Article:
So, here’s the meat of what he found: the study participants perceived technology tools as lacking an obvious function or value and were very skeptical of the gains derived. Not only did these faculty perceive new technologies to be of limited value, many viewed technology-rich instruction as detrimental to student learning – in their words, “technology as a substitute” – both for attending class and for understanding (e.g. “students want to have the machine do the thinking for them”). Here was a revealing quote from a biologist:
“Technology has a problem.  The slide rules we used to use were wonderful because they gave an intuitive understanding of what you’re trying to do.  The calculators spit out numbers and there’s an incredible loss of intuitive understanding about what your’e doing.  That problem is really magnified when you get to computers.  You have to really know what’s going on and to make sure you don’t lose an intuitive understanding.”
The article’s author goes on to explain that since these professors view the tools as ineffective, coercion (on the part of the administration) to adopt them could feel as though they were being undermined, that they were losing professional control of their work and threaten their sense of autonomy. After all, what tools you use and when you use them is most certainly a key factor of professional autonomy in any field and if you feel the prescribed tools are ineffective, well…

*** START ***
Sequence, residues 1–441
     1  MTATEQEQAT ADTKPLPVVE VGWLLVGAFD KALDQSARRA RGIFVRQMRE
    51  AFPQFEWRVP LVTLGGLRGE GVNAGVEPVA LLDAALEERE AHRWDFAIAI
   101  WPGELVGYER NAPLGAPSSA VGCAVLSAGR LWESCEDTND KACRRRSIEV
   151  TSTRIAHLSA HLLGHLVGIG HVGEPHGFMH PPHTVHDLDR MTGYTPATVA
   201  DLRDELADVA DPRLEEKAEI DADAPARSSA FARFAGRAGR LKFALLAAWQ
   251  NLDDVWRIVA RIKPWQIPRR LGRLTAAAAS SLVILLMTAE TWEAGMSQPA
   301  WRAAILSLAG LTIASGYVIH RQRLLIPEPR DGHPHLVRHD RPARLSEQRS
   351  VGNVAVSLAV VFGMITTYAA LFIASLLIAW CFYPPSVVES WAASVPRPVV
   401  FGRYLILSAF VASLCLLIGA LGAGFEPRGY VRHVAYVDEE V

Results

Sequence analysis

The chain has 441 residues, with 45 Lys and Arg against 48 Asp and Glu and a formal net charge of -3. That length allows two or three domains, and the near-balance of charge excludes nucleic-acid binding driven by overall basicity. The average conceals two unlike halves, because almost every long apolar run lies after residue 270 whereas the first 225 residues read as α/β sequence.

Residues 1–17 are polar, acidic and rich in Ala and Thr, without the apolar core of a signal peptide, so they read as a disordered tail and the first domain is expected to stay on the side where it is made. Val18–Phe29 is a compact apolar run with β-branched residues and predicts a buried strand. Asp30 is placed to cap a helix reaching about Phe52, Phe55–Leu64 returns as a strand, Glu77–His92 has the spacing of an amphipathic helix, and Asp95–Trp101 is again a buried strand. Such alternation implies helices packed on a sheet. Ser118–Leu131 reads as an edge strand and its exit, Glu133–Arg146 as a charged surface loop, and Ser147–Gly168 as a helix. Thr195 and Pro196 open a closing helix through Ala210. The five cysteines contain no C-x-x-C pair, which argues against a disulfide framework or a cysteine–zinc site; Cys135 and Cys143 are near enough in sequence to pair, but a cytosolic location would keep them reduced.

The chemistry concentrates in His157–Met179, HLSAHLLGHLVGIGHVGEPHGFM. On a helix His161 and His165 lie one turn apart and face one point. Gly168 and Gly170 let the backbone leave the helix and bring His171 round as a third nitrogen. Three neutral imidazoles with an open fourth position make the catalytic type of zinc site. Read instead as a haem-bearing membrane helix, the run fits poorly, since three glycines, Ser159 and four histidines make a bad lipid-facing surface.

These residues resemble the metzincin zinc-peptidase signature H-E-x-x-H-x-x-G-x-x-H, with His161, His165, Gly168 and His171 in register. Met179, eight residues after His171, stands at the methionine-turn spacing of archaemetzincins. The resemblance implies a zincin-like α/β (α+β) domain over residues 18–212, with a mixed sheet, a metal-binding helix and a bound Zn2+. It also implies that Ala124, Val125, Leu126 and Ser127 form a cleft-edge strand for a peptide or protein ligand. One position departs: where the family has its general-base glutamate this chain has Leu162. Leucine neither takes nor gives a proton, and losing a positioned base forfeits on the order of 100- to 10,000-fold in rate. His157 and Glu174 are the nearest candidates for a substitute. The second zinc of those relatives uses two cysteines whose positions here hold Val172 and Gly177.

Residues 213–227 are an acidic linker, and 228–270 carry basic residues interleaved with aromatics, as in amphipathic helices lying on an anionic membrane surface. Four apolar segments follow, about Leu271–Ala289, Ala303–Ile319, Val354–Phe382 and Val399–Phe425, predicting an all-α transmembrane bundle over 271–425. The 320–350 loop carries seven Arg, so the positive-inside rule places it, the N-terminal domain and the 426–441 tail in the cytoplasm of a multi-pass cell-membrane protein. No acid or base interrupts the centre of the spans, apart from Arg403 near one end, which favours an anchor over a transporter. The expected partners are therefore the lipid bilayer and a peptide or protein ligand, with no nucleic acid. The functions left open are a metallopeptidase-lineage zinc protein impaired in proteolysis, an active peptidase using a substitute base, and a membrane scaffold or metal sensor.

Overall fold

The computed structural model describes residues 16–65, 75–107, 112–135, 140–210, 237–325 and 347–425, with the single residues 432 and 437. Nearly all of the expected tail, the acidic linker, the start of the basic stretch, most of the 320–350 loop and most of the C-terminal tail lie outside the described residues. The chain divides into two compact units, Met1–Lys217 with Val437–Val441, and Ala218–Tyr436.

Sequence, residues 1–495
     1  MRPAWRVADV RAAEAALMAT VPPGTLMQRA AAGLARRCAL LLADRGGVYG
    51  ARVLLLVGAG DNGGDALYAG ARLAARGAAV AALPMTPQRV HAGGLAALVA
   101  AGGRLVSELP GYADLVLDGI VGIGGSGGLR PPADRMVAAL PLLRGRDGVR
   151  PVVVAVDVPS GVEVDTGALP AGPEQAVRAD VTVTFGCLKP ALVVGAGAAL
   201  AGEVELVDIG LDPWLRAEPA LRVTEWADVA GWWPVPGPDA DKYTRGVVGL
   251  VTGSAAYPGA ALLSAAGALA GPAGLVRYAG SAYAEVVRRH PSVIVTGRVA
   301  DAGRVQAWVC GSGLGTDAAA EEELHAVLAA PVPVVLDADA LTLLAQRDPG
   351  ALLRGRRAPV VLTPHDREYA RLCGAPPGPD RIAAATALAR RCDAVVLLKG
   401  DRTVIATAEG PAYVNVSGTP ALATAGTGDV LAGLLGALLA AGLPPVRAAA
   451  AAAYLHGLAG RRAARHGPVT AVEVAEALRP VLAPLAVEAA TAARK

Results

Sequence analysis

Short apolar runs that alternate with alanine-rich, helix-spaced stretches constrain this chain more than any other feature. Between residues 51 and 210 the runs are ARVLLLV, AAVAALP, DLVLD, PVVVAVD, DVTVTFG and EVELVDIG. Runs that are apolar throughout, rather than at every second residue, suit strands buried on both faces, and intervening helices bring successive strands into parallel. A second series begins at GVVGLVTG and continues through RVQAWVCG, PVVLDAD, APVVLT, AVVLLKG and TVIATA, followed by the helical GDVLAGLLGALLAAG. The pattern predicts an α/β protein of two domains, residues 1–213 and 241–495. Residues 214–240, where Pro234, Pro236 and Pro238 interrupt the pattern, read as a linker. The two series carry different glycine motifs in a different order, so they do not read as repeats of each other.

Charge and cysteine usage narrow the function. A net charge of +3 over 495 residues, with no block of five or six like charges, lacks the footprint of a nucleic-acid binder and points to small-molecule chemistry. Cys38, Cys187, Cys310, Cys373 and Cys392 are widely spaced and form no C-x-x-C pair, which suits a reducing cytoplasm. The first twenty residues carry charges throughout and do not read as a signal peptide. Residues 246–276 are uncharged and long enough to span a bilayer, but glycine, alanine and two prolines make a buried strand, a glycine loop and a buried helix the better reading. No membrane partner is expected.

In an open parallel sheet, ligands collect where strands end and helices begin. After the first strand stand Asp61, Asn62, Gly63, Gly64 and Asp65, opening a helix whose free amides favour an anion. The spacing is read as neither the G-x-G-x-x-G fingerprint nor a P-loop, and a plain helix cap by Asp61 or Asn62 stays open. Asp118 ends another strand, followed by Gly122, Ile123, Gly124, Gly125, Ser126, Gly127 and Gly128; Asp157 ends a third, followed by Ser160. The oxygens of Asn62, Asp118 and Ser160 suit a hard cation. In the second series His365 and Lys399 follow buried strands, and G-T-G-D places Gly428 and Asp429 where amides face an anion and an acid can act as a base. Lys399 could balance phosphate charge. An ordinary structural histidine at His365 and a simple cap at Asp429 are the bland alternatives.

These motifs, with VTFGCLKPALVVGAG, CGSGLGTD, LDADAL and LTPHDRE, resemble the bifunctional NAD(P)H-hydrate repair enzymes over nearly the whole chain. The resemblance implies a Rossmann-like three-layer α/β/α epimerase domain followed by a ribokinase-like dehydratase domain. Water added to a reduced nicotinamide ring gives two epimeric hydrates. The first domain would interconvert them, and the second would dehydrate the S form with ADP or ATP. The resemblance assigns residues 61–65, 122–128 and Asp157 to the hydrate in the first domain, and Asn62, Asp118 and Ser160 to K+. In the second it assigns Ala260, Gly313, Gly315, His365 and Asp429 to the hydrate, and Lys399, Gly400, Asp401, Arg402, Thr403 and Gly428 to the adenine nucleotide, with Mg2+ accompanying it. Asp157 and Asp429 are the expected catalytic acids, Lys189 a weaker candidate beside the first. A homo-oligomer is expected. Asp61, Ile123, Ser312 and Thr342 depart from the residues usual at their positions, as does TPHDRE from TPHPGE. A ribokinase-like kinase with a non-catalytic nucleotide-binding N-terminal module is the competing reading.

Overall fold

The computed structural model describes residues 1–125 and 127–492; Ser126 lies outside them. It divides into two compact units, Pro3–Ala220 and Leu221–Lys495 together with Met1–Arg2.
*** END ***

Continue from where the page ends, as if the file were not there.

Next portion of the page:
What’s more, the professors who do use technology aren’t necessarily connecting their technology use to pedagogy. Rather, they regularly refer to the context of student motivation and students’ prior socialization to technology.  Here’s another revealing quote:
“You have to keep bombarding them with visual material, even if it’s only peripherally related.”
The perception seems to be that students will disengage if instruction lacks entertainment value. In addition to that context, many of those interviewed describe their technology use as necessary to handle larger-than-desirable class sizes.
When viewed in that context, a picture begins to emerge where academics perceive new technologies as tools to help with peripheral problems (large class sizes and students who require stimulation) but of limited or no functional relevance to instruction. From there, it’s not a far step to conclude that instructional technology contradicts their professional values.